Story: Young Oliver Twist survives on gruel and grit at a London orphanage workhouse in the mid-19th century. When he’s sold by overbearing beadle Mr. Bumble to the undertaker Mr. Sowerberry, Oliver is forced to sleep in a casket. After he gets into a fight with Sowerberry’s apprentice, he escapes into the streets of London.

The intrepid lad is befriended by an amiable young chap who calls himself The Artful Dodger. Oliver is escorted by the Dodger to the lair of Fagin, a mentor of sorts who teaches young boys “how to pick a pocket or two.” Oliver fits right in with Fagin and his lads, not realizing at first that they are thieves.

Eventually he is caught by a gentleman who is targeted by Dodger, Oliver and Charlie Bates. Oliver is taken into custody by the man, Mr. Brownlow, who takes a liking to him and eventually becomes his benefactor. And much more, in fact, as Oliver’s back story is gradually revealed.

Highlights: Charles Dickens’ novel, Oliver Twist, initially was published in installments from 1837 to 1839. Like many of Dickens’ stories, it painted an unflattering portrait of social injustice in 19th century England, focusing on child labor and children forced into criminal activities.

In 1960, Lionel Bart adapted the sprawling saga into a musical that opened in London’s West End and ran for 2,618 performances, featuring a young lad named Davy Jones (later of The Monkees) as The Artful Dodger. By necessity, Bart’s book compressed Dickens’ lengthy novel, and his music and lyrics won the Tony Award for Best Original Score when Oliver! made its Broadway debut in 1962.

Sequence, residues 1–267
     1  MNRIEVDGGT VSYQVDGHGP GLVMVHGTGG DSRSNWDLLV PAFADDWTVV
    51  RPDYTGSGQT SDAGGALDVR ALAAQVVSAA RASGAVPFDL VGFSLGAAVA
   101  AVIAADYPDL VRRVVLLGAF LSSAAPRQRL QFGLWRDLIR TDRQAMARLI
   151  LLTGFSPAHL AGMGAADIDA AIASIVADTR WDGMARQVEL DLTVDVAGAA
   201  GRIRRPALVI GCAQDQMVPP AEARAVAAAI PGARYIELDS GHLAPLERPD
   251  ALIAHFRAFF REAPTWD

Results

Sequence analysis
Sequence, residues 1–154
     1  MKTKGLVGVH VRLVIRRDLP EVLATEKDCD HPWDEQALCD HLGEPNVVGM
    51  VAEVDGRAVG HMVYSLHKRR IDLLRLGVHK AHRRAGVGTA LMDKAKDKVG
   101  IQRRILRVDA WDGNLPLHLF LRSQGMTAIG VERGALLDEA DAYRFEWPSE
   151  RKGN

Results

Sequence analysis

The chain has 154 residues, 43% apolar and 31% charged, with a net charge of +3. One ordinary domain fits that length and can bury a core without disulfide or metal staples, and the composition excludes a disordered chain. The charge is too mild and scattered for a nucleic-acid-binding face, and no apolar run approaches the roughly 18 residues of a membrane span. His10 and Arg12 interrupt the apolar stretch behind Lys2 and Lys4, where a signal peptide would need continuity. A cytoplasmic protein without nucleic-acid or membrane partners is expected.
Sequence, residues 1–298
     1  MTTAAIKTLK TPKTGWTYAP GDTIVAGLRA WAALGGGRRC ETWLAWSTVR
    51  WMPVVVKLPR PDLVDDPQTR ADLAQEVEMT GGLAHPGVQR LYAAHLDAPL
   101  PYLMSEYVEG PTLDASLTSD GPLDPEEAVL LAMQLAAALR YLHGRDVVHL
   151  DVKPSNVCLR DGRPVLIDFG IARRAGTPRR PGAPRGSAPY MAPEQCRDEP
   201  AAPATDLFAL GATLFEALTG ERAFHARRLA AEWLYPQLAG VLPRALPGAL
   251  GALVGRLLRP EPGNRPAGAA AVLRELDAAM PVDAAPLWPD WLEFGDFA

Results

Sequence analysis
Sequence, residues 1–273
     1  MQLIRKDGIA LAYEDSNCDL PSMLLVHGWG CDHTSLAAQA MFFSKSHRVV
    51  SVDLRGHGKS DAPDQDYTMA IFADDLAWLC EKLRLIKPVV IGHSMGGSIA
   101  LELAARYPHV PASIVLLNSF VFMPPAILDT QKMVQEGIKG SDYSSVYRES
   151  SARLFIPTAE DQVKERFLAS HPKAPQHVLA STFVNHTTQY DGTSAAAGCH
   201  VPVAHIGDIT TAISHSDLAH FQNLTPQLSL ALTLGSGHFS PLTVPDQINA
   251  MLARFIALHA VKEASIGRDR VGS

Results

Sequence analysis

Other Info: Insight Theatre has opened its seventh season with a large cast filling the spacious Heagney Theatre stage at Nerinx Hall High School, where Insight performs.

While ambitious and well-intentioned, this particular production is shaggy stuff for the most part. Too often it lacks an identity or seemingly a purpose of what it is intended to be, making for an unfulfilling evening. All of the elements are there for an entertaining experience, but somehow the opening night presentation never really ignited, moving forward fitfully and uncertainly.

Director Edward Coffield in his program notes falls back on the familiar refrain often referenced by directors that a particular production is ‘timely’ or ‘contemporary,’ in this case because of “the excesses of a free market and the ways that can corrupt people.” Really, though, doesn’t that apply to any era in the history of civilization (at least the corruption part)? One can cite examples of humanity’s baser instincts pretty much at any point along the evolutionary trail.

When done well, Oliver! doesn’t need to reference contemporary America in order to succeed. Bart’s lyrics and music remain wonderful more than 50 years after he first composed them. Catchy, memorable tunes abound, from Consider Yourself and You’ve Got to Pick a Pocket or Two to I’d Do Anything and Who Will Buy? and even the humorous Food, Glorious Food that starts it all.